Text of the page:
How relaxing not to have anything at all
To be relaxed about!
—Álvaro de Campos
Gagosian is pleased to present On the Eve of Never Leaving, new drawings and sculptures by Tatiana Trouvé. This is her first exhibition in Los Angeles.
In her large-scale drawings, cast and carved sculptures, and site-specific installations, Trouvé assesses the relationship between memory and material, pitting the ceaseless flow of time against the remarkable endurance of common objects. Combining fragments from both natural and constructed ecosystems, she creates hauntingly familiar realms in which forest, street, studio, and dream coalesce.
“On the Eve of Never Leaving” is a translation of “Na Véspera de Não Partir Nunca,” the title of a poem by Álvaro de Campos, one of the many heteronyms of the Portuguese writer Fernando Pessoa (1888–1935). De Campos’s deeply melancholic writings often deal with notions of time and nothingness; they are hymns to the existential void. Trouvé—attuned to the ways in which journeys, physical and spiritual, can circle back on themselves—visually collapses past and future, echoing Pessoa’s linguistic paradoxes in uncanny material form.
The exhibition includes new drawings from two related series—Les dessouvenus (2013–) and The Great Atlas of Disorientation (2019–)—installed in a metal armature that itself functions as a linear drawing through space. To make Les dessouvenus, Trouvé first plunges large sheets of colored paper into bleach, then allows the unpredictable, even caustic, boundaries of each stain to provide a loose structure for complex “environmental dramas” that she draws in pencil. In The Great Atlas of Disorientation, she uses watercolor to recreate the bleached effects in Les dessouvenus, which variously recall smoke, halos, ghosts, or mushroom clouds. The slight differences between the real and contrived stains cause Trouvé’s responsive drawings to take off in new directions, as she pulls from a wide range of sources including her personal archive of tree photographs, vintage x-rays, her own previous sculptures, and works by artists she admires, such as American sculptor Beverly Buchanan. The Great Atlas of Disorientation series thus underscores the impossibility of replicating a succession of chance events.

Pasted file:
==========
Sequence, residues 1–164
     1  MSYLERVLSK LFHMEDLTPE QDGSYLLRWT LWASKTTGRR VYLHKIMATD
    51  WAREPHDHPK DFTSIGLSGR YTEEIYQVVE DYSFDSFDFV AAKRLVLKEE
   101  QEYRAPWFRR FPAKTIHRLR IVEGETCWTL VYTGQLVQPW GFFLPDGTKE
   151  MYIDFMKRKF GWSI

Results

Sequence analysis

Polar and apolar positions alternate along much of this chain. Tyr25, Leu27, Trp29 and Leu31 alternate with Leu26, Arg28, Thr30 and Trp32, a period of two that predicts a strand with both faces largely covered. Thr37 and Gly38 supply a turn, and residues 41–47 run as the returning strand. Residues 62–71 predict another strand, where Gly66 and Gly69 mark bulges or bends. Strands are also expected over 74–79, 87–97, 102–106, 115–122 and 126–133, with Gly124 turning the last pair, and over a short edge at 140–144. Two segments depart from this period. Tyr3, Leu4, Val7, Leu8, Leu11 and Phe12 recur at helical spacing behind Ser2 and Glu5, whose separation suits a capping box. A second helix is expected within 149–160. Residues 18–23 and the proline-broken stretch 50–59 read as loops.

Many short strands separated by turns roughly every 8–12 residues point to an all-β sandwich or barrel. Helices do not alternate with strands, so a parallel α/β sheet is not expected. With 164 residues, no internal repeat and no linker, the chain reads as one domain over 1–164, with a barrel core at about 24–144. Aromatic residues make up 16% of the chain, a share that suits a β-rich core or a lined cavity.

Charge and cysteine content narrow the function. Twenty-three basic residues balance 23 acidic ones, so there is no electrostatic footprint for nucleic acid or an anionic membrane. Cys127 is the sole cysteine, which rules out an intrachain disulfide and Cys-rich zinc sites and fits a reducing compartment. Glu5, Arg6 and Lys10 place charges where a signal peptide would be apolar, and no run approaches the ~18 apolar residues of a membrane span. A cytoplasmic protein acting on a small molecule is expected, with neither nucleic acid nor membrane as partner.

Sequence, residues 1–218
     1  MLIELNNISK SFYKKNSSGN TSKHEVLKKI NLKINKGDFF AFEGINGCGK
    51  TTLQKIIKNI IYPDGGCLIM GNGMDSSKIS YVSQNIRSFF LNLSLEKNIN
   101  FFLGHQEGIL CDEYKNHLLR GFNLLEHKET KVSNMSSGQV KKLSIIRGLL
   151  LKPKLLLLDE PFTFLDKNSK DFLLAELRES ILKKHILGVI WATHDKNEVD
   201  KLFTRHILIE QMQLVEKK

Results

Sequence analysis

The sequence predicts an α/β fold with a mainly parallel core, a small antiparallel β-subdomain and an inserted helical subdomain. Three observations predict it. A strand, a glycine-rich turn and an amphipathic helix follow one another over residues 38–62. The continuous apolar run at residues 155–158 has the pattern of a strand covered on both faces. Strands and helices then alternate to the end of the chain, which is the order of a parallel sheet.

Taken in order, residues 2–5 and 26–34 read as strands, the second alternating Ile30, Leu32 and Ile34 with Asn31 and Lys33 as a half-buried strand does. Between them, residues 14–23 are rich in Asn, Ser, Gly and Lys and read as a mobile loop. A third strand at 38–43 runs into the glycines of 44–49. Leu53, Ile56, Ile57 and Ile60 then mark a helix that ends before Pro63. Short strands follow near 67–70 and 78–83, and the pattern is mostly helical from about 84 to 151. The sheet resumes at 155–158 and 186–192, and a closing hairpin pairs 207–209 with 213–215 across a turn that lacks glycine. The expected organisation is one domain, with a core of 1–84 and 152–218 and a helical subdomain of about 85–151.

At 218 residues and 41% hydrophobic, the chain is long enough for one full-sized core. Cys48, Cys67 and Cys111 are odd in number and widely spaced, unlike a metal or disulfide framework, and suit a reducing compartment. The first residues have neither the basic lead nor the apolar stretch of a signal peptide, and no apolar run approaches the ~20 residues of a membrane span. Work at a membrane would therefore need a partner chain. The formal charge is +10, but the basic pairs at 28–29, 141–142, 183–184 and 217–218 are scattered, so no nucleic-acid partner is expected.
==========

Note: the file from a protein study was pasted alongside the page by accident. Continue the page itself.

The revelatory power of the tree is examined further in The Shaman (2018), a life-size bronze cast of an oak, partially submerged in a pool of water beneath a ruptured concrete floor. Water trickles from the muddied tangle of roots and a limp stack of patterned cushions, carved in marble, granite, and onyx, sits in the pooling water, raising questions about the causes and consequences of this tectonic disruption. For Trouvé, the shaman is an expert in disorientation, seamlessly traveling through space and time, shifting between species and languages, and—like Pessoa—possessing multiple identities. Trouvé’s sculpture also inhabits many worlds at once, poised at the threshold between decay and new life, growth and debris. In the corner nearby, a small cast-bronze transistor radio sits beside a manhole cover. These objects, though benign, are portals to unseen worlds—the sewers and the airwaves, here and elsewhere.